tween said inlet and outlet chambers, separate checlc valve controlled inlet connections from said inlet chamber to each oi said pumping chambers, separate check valve controlled outlet connections irom said pumping chambers to said outlet chamber, a single reciprocable pumping member forming a movable wall of each of said pumping chambers, resilient means within said casing for moving said pumping member in one direction and electro-magnetic means within said casing for moving said pumping member in the op osite direction.

13. uel feeding apparatus comprising a casing having an inlet at one end from a source ot fuel supply and an outlet at the other end for delivery of fuel to the carbureter, said casing including an inlet chamber at one end, an outlet chamber at the opposite end and a pair oi eupansible and reducible pumping chambers in said casing between said inlet and outlet chambers, separate check valve controlled inlet connections from said inlet chamber to each oil said pumping chambers, separate checlr valve controlled outlet connections from said pumping chambers to said outlet chamber, a single reciprocable pumping member forming a movable wall ot each oi said pumping chambers, resilient means within said casing for moving said pumping member in one direction and electro-magnetic means within said casing tor moving said pumping member in the opposite direction, the eective capacity of one oi said pumping chambers upon movement of said pumping member being greater than the other of said pumping chambers,

i l. l uel teeding apparatus comprising a casing having an inlet chamber at one end in communication with a source of fuel supply, an outlet chamber at the opposite end for delivery of fuel therefrom to a carbureter, a piston slidable within said casing between said inlet and outlet chambers, a pair of eXpansible and reducible pumping chambers supported by said piston and movable therewith and resilient means normally holding said piston together with said pumping chambers in position for minimum capacity of said outlet chamber, a reciprocable pumping member forming a movable wall of each of said pumping chambers, resilient means reacting between said piston and said pumping member to move said pumping member in one direction, electro-magnetic means supported by said piston for moving the pumpin member in the opposite direction, and said pumping chambers having check valve controlled communication with said inlet and outlet chambers.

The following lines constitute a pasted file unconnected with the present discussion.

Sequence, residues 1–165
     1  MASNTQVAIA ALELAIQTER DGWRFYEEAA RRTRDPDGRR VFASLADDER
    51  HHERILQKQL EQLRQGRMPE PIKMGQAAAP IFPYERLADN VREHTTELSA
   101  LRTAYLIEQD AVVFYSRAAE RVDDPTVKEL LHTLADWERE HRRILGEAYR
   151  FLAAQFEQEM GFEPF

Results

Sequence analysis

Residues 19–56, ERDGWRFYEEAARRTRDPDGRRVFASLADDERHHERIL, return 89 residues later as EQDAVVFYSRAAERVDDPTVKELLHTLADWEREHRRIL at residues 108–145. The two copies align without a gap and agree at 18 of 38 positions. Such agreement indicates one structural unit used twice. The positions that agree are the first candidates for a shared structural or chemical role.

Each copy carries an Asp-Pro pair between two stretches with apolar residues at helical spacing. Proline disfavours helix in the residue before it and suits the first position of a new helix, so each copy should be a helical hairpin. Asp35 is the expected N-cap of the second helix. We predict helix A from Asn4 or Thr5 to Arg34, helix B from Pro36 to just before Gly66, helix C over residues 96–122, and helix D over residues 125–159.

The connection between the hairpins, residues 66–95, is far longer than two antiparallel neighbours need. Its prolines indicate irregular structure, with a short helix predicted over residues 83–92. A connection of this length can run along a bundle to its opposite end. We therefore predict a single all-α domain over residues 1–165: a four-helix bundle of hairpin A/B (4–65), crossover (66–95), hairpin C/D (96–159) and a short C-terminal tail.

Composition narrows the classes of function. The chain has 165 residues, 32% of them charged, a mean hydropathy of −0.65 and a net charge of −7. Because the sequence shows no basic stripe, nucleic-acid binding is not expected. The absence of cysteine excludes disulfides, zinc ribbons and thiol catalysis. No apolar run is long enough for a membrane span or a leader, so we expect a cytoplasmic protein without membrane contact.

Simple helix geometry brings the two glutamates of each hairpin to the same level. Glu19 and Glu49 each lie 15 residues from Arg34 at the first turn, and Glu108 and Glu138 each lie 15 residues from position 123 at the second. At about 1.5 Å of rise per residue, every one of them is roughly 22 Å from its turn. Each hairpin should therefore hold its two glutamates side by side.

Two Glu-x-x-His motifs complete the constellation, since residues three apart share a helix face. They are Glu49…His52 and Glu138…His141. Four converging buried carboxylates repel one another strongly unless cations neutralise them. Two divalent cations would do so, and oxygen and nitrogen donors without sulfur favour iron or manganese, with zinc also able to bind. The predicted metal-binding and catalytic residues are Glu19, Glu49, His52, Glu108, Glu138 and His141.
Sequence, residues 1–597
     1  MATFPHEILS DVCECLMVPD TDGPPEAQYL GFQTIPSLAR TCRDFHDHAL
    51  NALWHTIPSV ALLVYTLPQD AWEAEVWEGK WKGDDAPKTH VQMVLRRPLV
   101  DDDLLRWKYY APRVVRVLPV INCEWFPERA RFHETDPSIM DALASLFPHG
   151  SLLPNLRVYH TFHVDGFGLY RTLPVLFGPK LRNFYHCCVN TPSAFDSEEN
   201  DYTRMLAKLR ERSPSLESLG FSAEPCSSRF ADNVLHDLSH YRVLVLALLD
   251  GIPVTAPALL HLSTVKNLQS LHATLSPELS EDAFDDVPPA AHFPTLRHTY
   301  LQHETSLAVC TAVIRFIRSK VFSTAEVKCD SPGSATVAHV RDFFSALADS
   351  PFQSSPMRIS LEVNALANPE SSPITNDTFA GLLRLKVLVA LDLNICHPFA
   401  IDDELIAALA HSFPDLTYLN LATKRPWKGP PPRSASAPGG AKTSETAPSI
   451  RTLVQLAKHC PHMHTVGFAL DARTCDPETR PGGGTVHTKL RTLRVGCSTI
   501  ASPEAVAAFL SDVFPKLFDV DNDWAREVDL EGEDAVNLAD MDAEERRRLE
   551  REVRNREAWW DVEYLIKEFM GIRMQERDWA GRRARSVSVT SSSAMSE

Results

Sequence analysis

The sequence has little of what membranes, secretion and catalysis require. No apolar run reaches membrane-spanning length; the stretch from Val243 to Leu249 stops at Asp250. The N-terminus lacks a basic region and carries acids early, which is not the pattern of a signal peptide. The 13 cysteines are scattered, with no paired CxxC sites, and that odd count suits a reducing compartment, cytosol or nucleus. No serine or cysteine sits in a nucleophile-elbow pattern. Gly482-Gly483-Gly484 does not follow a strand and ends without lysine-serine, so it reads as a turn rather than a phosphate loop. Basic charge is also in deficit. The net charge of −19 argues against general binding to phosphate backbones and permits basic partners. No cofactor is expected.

15. ltn combination with a fuel tanlr, a pump casing suspended in said tank and open at its lower end to receive fuel from said tank, said casing including an outlet pressure chamber at its upper end from which fuel is adapted to be fed to the carbureter, a pumping unit slidable in said casing torming a movable wall or said outlet chamber, resilient means reacting between said casin and said pumping unit tending to move sai pumping unit in a direction for reduction of said outlet chamber and means tor actuating said pumping unit to deliver fuel from said fuel tank to said outlet chamber,

16. it fuel pump comprising a pair ot eapansible and reducible pumping chambers, a separable pumping member forming a movable wall of both of said chambers, a magnet plunger secured to move with said pumping member, said magnet plunger also torming a movable wall of one of said pumping chambers whereby the pumping member has a decreased ellective area in said lastmentioned pumping chamber, resilient means for moving said plunger and pumping member in the direction tor delivery of fuel trom the grumping chamber having the largest e ective capacity and electromagnetic means tor moving said plunger and pumping member in the opposite direction.